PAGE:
© 1972, The Beate Klarsfeld Foundation
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see his own signature under texts that were irrefutable. A long silence. Then:

"I signed them, but administratively. I never killed anyone."

I answered: "The Jews were conveyed to the gas chambers by a police and administrative machine. Neither Hitler nor Himmler, nor Eichmann, nor you, killed anyone with your own hands, but each of you in his own place helped make the death machine go." After this, no more dialogue was possible.

Immediately following this, Peggy and I questioned the persons named by Moritz. They did indeed know him and had until then looked upon him as a solid and loyal leftist fighter. The last person we interviewed was a woman who was very well known in those circles, the widow of the man responsible for recruiting Moritz in 1946, when he was using a fictitious name. He had admitted to having been a lieutenant in the S.S. but "that will be taken care of, it is not serious." Paying small attention to the moral qualifications of the man or to the accuracy of his statements, and no doubt more concerned with his technical competence as an intelligence agent, the man engaged Moritz.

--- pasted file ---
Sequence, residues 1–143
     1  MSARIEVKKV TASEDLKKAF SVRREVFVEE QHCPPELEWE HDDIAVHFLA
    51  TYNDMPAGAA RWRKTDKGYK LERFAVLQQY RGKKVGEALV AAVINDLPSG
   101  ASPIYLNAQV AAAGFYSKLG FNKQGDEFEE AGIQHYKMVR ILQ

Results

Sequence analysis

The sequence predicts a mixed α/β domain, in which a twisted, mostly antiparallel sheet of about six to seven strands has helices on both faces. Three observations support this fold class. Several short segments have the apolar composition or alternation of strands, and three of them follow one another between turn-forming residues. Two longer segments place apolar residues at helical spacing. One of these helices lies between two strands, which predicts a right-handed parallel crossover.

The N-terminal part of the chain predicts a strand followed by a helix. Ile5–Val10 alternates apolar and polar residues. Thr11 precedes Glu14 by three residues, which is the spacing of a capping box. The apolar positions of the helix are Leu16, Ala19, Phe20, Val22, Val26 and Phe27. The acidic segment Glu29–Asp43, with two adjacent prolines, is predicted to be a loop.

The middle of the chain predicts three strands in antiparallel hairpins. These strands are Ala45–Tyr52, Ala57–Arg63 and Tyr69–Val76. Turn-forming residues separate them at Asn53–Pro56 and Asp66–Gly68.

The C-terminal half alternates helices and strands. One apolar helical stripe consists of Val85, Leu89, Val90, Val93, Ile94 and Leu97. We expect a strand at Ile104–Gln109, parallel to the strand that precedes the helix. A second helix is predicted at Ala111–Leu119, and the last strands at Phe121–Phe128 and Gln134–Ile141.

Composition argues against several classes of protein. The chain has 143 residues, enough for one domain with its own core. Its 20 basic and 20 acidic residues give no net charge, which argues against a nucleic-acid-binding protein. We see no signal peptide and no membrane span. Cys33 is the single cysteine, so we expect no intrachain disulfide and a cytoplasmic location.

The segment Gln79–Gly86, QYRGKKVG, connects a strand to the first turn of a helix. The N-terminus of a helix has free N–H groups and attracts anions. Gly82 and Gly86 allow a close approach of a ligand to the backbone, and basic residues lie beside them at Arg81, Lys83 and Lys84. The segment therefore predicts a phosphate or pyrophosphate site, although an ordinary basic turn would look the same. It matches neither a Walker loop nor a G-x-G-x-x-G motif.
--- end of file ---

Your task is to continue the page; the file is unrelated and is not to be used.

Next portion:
The Moritz affair scandalized the extreme leftists in Hamburg and they promptly parted company with him. The VVN accused me of having revealed the affair because it was critical of Israel.

Meanwhile, in November 1972, my book was published in France. The advance I received was of great material assistance. A number of Jewish communities invited me to tell them about my work. I did this without pay, but dozens in the audience bought my book. We need this money to live and to carry on our work.

The Jewish social service fund (FSJU) asked Serge in October 1971 to be director of their vacation centers. This was at the time of the Barbie case and was the first concrete instance of Jewish support of our action. There was one condition – that Serge not be seen at public protests, as the purpose of FSJU is social, not political. A few months later, when I was in Bolivia, Serge was the only one in a position to explain the complexities of what was going on to the press, radio, and television. I wasn't there, and he and I were the only ones working on it. Except for Pierre-Bloch and a few youths in LICA, the Jews of France and the resisters were spectators and not actors in this drama.

Adam Loss, the director of FSJU, asked Serge on several occasions to stop speaking in public or FSJU would have to let him
© 1972, The Beate Klarsfeld Foundation
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